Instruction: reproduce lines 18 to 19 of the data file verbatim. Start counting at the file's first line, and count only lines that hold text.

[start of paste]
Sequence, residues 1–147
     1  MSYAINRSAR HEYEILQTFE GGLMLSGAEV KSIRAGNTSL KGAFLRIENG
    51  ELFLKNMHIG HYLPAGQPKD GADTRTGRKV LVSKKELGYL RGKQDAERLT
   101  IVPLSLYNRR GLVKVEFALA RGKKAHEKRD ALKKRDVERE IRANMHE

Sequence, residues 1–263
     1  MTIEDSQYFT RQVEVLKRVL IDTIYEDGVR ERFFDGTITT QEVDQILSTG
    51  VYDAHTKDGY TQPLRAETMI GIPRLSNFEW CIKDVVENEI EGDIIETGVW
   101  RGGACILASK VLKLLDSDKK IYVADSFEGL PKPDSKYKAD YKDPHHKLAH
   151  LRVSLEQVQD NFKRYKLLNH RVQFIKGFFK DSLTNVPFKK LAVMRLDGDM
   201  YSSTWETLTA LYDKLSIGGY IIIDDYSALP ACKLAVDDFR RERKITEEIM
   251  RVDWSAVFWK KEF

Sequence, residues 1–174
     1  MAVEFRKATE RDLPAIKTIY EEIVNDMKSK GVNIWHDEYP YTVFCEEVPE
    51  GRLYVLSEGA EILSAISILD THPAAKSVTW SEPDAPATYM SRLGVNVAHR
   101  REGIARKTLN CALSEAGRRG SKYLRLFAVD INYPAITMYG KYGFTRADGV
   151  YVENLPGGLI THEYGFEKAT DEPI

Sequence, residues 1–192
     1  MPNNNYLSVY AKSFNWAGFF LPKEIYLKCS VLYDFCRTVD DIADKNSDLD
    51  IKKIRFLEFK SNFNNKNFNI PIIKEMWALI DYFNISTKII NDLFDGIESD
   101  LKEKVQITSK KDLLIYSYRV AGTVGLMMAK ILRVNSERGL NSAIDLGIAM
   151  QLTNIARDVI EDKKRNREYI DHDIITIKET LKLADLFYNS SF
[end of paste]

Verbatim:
     1  MPNNNYLSVY AKSFNWAGFF LPKEIYLKCS VLYDFCRTVD DIADKNSDLD
    51  IKKIRFLEFK SNFNNKNFNI PIIKEMWALI DYFNISTKII NDLFDGIESD